Sunday, June 25, 2017

Corralitas Drive: Rattlesnake or Gopher Snake?

Photo: Red Car Property Neighbor, June 18, 2017.  Every year I get a few panicked calls/emails/texts from neighbors who think they've seen a rattlesnake on or around the Red Car Property.  (Click on photos to enlarge.)

Luckily, now most neighbors grab their phones now and take photos from a safe distance.  All photos here have been cropped.  

The neighbor first texting me the story of working in the garden and hearing what sounded like a rattlesnake. "I thought I knew about snakes, I was obsessed as a kid.  I looked at the tail immediately, looked like a gopher snake but the rattle had me shook.  A neighbor's cat started pawing at it and hearing a rattle, I panicked."  The neighbor shooed the cat away safely. and the snake disappeared under the leaves and patio. I asked for photos and to my surprise, there were many to choose from.
Photo: Red Car Property Neighbor, June 18, 2017. (enlarged from previous photo.)  Head: inconclusive from this angle, the light makes it appear articulated from the neck.  It the best head shot the neighbor got.  However, the spotted pattern looks like Gopher snake.

Photo: Red Car Property Neighbor, June 18, 2017. Hard to get both the head and the tail of the 3.5 to 4' long snake in the same shot.  Gopher snakes will mimic rattlesnakes by shaking their tails in the grass or leaves, even coiling up in a defensive position like a rattlesnake because it scares the potential predator (in this case a human).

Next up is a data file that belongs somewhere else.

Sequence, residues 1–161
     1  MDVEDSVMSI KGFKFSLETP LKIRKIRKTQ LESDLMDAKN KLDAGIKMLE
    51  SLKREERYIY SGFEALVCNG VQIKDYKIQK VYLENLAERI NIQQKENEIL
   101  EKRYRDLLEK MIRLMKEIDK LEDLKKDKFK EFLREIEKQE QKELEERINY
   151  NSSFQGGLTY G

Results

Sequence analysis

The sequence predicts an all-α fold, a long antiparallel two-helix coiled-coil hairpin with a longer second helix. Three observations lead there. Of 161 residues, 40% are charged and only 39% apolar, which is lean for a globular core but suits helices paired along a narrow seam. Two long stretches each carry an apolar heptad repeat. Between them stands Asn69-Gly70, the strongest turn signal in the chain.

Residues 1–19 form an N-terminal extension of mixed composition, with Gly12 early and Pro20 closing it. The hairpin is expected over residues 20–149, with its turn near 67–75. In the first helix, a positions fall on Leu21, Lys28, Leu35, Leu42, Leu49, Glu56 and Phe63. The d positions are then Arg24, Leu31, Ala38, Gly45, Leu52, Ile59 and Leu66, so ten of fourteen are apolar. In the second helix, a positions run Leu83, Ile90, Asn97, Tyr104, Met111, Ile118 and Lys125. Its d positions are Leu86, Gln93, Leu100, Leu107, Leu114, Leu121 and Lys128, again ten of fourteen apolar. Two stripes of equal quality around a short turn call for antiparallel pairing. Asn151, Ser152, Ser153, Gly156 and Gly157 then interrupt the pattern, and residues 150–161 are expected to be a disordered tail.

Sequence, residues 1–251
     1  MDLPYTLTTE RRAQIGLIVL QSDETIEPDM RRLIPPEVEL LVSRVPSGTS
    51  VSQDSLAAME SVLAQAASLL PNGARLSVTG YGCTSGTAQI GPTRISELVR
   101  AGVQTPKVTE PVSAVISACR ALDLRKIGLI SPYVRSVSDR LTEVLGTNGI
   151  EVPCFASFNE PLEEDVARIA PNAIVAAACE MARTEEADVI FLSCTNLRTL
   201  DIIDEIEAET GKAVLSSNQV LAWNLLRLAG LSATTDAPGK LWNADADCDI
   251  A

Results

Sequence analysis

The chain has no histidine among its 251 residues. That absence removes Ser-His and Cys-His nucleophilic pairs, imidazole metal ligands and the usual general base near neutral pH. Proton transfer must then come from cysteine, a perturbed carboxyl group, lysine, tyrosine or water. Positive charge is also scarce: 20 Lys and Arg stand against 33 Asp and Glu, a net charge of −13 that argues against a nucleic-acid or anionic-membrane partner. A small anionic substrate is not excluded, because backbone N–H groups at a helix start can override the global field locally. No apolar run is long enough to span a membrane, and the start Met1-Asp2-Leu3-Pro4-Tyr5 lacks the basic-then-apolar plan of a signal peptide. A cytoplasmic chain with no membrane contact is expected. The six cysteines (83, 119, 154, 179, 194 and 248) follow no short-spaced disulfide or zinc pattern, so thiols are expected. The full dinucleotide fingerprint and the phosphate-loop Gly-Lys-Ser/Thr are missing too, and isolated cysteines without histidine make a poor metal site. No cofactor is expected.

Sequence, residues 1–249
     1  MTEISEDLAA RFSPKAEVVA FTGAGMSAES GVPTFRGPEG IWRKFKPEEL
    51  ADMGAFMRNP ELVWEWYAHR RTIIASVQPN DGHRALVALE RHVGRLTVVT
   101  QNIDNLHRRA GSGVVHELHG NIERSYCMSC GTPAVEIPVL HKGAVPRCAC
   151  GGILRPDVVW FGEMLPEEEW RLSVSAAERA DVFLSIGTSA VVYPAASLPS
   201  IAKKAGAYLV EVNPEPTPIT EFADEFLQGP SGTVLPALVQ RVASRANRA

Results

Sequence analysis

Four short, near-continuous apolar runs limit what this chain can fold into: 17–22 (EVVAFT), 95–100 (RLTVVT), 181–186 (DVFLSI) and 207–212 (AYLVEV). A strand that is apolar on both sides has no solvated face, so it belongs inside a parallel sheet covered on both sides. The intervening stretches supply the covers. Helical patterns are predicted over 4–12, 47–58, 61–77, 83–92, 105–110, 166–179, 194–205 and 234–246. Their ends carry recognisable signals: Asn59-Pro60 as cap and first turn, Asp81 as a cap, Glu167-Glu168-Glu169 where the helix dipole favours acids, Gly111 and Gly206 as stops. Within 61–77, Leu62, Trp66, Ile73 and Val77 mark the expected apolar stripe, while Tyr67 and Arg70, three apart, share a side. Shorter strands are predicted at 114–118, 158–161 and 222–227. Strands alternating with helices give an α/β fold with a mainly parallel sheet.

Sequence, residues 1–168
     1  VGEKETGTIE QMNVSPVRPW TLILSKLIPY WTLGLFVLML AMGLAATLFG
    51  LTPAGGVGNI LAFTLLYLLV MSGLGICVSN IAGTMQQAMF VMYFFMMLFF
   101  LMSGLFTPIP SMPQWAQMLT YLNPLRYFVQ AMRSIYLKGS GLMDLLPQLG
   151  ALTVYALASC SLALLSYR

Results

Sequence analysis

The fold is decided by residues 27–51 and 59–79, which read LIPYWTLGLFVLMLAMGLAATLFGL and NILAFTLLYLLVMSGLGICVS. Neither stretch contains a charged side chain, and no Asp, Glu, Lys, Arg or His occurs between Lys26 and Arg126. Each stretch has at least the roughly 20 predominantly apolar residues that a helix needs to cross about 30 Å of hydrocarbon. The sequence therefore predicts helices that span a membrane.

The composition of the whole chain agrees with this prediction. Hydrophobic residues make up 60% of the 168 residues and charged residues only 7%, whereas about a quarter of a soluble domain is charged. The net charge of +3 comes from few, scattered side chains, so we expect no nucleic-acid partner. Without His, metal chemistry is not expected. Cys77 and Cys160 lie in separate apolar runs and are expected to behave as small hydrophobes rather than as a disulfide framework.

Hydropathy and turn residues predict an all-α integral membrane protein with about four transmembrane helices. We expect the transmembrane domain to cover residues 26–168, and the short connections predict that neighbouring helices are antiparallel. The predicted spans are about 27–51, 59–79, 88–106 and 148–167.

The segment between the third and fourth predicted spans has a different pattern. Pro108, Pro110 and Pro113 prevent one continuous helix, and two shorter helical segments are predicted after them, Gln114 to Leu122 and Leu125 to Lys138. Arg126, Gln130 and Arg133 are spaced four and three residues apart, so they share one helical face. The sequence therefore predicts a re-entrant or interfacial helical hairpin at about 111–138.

I have witnessed such behavior many times, as have a number of neighbors.  Take a step back and stay still, observe, take photos.  If you have pets or children with you, move them away from the snake before you take photos.  Do not put them or yourself at risk.  Use this as a learning experience of how to behave around wildlife.
Photo: Red Car Property Neighbor, June 18, 2017.  Tail enlarged from previous photo, verdict: Gopher Snake.  The neighbor proclaimed, " If it eats gophers, it's my new best friend!"

The last report of rattlesnakes in the neighborhood was from the early 1980s before our part of Silver Lake was completely built out. Before automated trash pick up, the City workers who picked up the trash cans said they found them underneath the cans in the early mornings in our hillsides.  However, there are definitely rattlesnakes in Griffith Park, and there is enough natural habitat in Elysian Park to suggest they exist there too, so there is always the possibility they are in the hills of eastern Silver Lake.  (People did not believe we had foxes and bobcats until we confirmed both with multiple sightings and photos.)

Learn more about Rattlesnakes and Gopher Snakes as well as other reptiles and amphibians:  California Herps

Click here for all our snake posts.